So that leaves us with the SNP as the only option to create the political conditions for self-government.  We might all wish they would get their collective fingers out, stop focussing on Brexit, it’s really someone else’s problem, then tell the elected representatives to stop abusing people who have different opinions on any subject, we can do without it.  All the conditions for IndyRef2 that have been talked about have happened.  We know we’re leaving, we know Boris is going to be PM.  What more do we need?   The UK’s direction is obvious.  If there’s a plan B, now would be a good time to reveal it.   Waiting only provides Westminster the opportunity to destroy Scotland.  We need to go quickly before Boris has time to completely screw us.  We need to go now.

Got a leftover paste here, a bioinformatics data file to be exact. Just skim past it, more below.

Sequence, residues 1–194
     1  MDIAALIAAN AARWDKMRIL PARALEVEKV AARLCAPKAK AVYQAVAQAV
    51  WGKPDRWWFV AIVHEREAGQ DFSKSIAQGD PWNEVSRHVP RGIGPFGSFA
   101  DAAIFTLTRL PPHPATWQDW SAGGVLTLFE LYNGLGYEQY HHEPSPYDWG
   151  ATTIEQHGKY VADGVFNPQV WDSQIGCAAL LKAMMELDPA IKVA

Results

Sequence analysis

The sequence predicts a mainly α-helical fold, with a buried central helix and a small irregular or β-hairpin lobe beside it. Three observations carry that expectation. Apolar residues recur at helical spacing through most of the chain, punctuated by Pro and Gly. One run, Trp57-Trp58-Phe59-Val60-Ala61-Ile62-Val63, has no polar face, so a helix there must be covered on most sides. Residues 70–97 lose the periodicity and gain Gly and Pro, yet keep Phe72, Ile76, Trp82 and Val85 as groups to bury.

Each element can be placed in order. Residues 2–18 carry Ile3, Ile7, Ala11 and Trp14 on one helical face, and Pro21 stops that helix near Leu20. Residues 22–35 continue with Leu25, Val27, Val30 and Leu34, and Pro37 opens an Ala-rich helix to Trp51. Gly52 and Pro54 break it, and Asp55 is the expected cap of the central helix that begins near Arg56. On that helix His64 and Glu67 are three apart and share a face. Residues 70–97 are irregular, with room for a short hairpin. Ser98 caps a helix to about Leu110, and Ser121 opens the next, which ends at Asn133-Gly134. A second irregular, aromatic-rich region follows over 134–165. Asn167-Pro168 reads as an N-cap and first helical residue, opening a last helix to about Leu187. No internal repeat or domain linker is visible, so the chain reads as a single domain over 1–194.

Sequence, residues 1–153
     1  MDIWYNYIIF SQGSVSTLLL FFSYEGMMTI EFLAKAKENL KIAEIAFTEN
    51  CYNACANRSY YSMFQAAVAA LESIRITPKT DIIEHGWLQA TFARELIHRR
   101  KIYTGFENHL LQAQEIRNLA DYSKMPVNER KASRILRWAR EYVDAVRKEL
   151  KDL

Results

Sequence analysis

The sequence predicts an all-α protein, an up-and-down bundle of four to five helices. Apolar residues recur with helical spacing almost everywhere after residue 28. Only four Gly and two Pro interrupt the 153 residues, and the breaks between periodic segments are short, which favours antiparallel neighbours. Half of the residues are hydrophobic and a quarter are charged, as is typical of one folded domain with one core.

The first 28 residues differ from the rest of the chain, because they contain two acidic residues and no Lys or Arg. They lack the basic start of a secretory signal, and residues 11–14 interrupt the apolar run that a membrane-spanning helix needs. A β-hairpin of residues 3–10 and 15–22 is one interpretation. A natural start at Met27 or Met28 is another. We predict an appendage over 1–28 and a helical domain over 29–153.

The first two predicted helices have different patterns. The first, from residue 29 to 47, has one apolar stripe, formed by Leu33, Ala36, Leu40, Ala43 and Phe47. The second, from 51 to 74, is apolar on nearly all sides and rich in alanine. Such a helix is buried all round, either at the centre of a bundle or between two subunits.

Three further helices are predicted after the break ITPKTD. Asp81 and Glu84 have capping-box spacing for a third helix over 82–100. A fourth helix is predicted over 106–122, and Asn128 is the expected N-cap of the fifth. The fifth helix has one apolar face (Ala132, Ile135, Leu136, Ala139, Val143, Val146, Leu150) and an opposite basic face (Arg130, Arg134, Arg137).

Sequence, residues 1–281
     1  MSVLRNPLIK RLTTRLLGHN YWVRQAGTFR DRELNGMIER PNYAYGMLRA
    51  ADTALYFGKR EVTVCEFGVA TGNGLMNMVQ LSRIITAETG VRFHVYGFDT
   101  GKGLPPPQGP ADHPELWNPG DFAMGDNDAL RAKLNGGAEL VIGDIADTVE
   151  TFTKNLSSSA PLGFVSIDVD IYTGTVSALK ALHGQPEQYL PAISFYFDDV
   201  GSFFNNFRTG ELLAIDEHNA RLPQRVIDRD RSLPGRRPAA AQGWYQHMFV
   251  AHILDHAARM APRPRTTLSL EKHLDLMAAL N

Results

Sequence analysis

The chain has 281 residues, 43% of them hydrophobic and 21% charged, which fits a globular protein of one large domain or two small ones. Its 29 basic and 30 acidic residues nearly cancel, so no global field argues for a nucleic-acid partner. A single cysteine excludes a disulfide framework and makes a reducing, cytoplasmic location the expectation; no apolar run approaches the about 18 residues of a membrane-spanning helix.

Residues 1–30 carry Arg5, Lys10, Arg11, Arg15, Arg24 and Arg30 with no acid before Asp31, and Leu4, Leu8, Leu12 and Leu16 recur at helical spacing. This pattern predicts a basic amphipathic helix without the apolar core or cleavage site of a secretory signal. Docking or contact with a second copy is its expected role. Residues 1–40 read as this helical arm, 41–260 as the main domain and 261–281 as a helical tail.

If anyone in the Scottish cabinet reads this, please start a conversation with Nicola before it’s too late.  Please remember that SNP are the party of independence.  We elected you to bring us independence, not to sort our Brexit.  For God’s sake, start the independence process NOW.

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Vile cybernattery – a discussion

Along with tens of thousands of other independence supporters, I took part in the Glasgow march last Saturday, an event full of good spirits that passed off with no serious problems, save the small number of unionists who shouted abuse at the marchers as we passed through George Square.  Disappointingly, there was only a very small official SNP presence, a trend that seems to have accelerated since 2014.  However, the vast bulk of folk left the event energised and excited, ready to get stuck in to the next phase of independence campaigning.